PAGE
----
As you may know, the Bahrain Center for human Rights was closed by the authorities in September 2004, for organizing activities and issuing reports in issues which were considered as taboo, namely privileges enjoyed by members of the ruling tribe, discrimination, and poverty related to mismanagement and corruption. But what happened since the closure of the center one year ago?

Every body now is talking about discrimination and corruption. Poverty, unemployment, housing is on the top of the political agenda.

As a result of the strategy adopted by the Center to empower the people, specially the disadvantaged and the vulnerable groups, Groups that were established as a part of the Center, have become independent societies and committees. Such as the Society for Migrant Workers, the Committee for Persons Deprived of Citizenship and the Bahrain Youth for Human Rights. All in addition to the Committee for Victims of Torture which was established by the center as an independent group three years ago.

In regard to the center strategy to promote economic and social rights, the unemployed were assisted by the Center to form there own organization, which has in few months become one of the most active actors on the issue, despite the aggressiveness and restrictions by the authorities. On the other hand, families suffering poor housing were also assisted by the center to start a popular protest movement which has been growing and active in the last few weeks.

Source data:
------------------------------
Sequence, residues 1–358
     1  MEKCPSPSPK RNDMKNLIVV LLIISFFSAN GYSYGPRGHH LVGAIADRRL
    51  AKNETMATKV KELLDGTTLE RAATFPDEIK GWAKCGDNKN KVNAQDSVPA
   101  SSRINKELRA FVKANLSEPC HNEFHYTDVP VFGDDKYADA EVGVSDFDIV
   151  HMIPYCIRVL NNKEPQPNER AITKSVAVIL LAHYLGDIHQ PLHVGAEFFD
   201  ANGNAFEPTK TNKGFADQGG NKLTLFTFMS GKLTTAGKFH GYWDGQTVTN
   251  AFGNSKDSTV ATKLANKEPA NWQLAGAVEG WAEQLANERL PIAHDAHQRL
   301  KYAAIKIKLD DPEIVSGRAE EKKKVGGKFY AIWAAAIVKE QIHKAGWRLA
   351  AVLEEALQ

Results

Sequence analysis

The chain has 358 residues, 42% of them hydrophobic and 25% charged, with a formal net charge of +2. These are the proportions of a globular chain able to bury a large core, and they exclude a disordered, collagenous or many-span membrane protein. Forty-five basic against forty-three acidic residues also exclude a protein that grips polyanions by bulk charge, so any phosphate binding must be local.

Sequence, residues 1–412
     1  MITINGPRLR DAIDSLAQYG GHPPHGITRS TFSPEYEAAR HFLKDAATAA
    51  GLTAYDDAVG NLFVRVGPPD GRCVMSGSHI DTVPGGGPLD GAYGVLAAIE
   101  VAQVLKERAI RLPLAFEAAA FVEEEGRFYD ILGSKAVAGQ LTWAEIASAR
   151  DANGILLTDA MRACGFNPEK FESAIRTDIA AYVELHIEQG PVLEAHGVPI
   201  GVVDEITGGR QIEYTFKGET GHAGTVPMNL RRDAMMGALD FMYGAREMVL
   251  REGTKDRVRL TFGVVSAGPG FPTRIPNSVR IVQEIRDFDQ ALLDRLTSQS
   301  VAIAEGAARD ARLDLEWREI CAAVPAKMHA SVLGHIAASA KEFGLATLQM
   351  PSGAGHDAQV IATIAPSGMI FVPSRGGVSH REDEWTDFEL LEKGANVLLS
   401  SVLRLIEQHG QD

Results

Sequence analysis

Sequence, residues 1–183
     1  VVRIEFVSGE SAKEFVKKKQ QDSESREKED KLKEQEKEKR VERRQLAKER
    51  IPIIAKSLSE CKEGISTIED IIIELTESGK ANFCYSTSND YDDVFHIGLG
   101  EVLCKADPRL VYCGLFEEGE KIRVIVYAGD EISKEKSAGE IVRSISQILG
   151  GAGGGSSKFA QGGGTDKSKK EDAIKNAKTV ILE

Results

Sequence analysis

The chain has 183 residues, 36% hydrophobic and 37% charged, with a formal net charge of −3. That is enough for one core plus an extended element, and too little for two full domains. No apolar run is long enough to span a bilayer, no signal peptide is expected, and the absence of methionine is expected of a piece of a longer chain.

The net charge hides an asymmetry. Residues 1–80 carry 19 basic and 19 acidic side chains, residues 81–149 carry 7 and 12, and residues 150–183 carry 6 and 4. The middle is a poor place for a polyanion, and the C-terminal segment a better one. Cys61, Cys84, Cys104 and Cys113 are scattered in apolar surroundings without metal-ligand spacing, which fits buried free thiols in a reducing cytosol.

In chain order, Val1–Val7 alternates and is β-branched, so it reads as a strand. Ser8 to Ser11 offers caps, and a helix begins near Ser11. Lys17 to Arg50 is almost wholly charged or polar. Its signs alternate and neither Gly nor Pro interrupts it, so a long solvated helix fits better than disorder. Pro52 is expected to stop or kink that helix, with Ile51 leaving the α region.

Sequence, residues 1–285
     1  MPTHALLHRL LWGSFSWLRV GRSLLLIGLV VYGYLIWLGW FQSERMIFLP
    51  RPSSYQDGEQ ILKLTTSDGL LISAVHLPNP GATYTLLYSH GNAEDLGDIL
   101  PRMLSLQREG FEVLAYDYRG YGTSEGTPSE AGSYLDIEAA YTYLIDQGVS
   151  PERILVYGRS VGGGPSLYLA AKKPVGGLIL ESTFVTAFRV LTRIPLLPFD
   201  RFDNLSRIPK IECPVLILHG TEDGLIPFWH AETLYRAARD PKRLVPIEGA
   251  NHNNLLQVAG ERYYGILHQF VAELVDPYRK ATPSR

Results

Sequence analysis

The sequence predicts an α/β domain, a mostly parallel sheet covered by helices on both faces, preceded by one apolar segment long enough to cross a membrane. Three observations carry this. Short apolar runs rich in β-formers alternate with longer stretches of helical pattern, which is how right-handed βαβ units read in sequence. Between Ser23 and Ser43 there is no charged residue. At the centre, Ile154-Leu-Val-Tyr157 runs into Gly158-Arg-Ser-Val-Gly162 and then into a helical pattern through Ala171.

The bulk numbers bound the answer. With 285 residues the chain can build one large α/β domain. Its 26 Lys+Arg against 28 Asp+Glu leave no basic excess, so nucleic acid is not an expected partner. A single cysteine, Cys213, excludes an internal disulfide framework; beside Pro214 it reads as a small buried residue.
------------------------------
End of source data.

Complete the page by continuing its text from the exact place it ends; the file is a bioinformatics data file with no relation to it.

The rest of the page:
On top of that, the closure of the Bahrain Center for human rights did not stop the center from issuing reports and statements in deferent issues an participating in regional and international conferences including the meetings of the committee against torture and the committee on racial discrimination. It is worth noting that both International committees questioned the official delegation on the closure of the center and recommended to insure the safety of its members.


In conclusion,

I would say that Bahrain is in a bottle neck, either it will returns inside the bottle with some cosmetics and more tensions and violations, or come out of the bottle to the democratic free world. We are working on the latter, despite difficulties, for we now that the expenses of the first is damaging.

Thank you for your patience, and allow me to specially thank Lord Eric Avebury, not only for hosting this seminar, but for his struggle for human rights in Bahrain and other countries around the globe.

Thank You.